Take on town hall ostriches

Delivering e-government services is not enough. We must change council chiefs' attitudes

Delivering e-government services is not enough. We must change council chiefs' attitudes

What's e-government all about? Judging by IT media reports, one could easily be mistaken and think it is merely about whether local authorities will meet the 2005 target for getting their services online.

In my opinion, the e-government debate has been remarkably short-sighted, nearly always taken from the viewpoint of IT managers in the private sector and with the same old, tired themes surfacing continuously.

As the Liberal Democrat spokesman on local government matters, I have my own take on what is needed to make

e-government a success. It is not technology, a lack of funds or unrealistic deadlines. It needs a change of mindsets, not for IT managers, but of the people who head local government - the chief executives, senior management and elected members of the councils.

A recent survey from the Society of IT Management, the local authority IT managers' organisation, revealed that senior IT staff in local authorities believe that fewer than half (42%) of council chief executives have a good understanding of e-government.

That is a disheartening figure. Having worked alongside local government, I too believe that council chief executives and senior management have scant appreciation for "e" initiatives. This is one of the biggest hurdles holding back e-government today.

Where does this obstructive lack of understanding of e-government come from? It boils down to a simple reality. Few local authority chief executives have grasped the two most fundamental and compelling benefits of IT and ultimately, the whole point of e-government: revolutionising the delivery of council services and bringing government closer to its citizens.

The following staggering assertion by a London borough chief executive to a national newspaper says it all: "Is it really in our interest, to put loads of information up for free, as if we were Guardian Online?"

My point is that if the very people who are given the task of providing the vital leadership for executing the requisite changes for e-government have not grasped its core benefits, then what hope is there?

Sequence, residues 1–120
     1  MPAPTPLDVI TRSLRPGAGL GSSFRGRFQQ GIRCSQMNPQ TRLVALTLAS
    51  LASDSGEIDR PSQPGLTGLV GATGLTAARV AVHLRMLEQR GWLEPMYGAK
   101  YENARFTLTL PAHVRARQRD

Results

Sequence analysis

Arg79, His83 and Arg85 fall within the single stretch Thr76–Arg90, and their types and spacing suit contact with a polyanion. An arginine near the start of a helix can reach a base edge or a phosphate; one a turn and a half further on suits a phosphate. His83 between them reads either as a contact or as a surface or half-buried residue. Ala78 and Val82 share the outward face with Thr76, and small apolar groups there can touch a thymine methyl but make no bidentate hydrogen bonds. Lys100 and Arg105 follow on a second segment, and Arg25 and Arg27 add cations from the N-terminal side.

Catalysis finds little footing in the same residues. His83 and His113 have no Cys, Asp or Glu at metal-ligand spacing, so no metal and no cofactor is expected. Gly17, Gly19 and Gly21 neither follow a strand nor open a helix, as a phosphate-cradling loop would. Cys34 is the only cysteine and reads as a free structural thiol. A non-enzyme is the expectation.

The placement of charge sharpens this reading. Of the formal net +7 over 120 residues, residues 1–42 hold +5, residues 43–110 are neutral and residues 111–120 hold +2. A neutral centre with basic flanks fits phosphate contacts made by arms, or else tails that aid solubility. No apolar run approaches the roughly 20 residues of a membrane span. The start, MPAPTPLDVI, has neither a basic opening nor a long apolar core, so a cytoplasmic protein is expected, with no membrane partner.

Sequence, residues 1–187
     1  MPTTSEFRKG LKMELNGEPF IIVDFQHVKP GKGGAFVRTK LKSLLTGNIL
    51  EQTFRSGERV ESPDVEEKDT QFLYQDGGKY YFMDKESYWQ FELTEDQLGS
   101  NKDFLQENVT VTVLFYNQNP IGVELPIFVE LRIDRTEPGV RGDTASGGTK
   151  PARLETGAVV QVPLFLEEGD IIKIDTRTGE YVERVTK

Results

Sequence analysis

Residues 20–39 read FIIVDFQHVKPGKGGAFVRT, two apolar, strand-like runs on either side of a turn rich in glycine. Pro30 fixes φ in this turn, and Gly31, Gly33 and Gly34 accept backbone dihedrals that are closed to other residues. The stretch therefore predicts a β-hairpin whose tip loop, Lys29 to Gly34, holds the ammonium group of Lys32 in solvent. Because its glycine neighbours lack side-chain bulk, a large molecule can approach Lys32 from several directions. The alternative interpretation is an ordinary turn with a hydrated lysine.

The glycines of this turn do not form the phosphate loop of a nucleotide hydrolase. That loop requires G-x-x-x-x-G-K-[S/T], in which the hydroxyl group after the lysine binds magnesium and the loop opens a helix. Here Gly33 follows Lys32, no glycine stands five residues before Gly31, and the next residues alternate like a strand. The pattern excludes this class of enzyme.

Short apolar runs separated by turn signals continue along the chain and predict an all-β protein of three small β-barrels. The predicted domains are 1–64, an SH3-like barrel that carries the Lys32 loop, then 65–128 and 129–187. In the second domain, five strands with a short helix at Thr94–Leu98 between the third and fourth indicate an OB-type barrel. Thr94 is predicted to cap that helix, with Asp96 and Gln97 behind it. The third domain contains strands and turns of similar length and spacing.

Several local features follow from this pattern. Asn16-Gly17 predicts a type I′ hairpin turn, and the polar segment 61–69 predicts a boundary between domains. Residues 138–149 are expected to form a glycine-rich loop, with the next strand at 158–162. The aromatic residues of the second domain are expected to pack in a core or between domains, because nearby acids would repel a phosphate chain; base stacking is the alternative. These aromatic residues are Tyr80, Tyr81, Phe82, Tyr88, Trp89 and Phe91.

The root of the problem can be attributed to local government's deep-seated prejudice against IT. In local government, there is this enduring view that IT professionals are huddled away in their laboratory of strange clicking noises and are isolated, impenetrable misfits. This is definitely an IT image problem that needs to be altered.

Town hall chief executives' lack of understanding for e-government can also be ascribed to the belief that e-government is solely about the application of technology and that only the IT department with its technical know-how and intellect can make it work. Sadly, IT is still treated as some back room, occult operation that no one else can decipher.

It is clear that the unremitting, seemingly immutable "IT versus non-IT" divide in local government persists and needs to be overcome. The question is, how?

In short, progress with e-government cannot be made unless local authority chief executives and councillors change their mindset by embracing IT, and more importantly, provide the essential leadership for it to succeed. If the e-government initiative is merely concerned with getting council services online, instead of tackling the irrefutable cultural issues getting in its way - such as senior management's resistance to e-government - then we are at a standstill.

We risk losing the most important benefit to putting government online: empowering democracy. The Government must show that not all public sector IT projects fail.

Let's make sure e-government is a success and find a way of getting local authority leaders to embrace and understand the value of e-government.

Adrian Sanders is the Liberal Democrat spokesman on local government and housing

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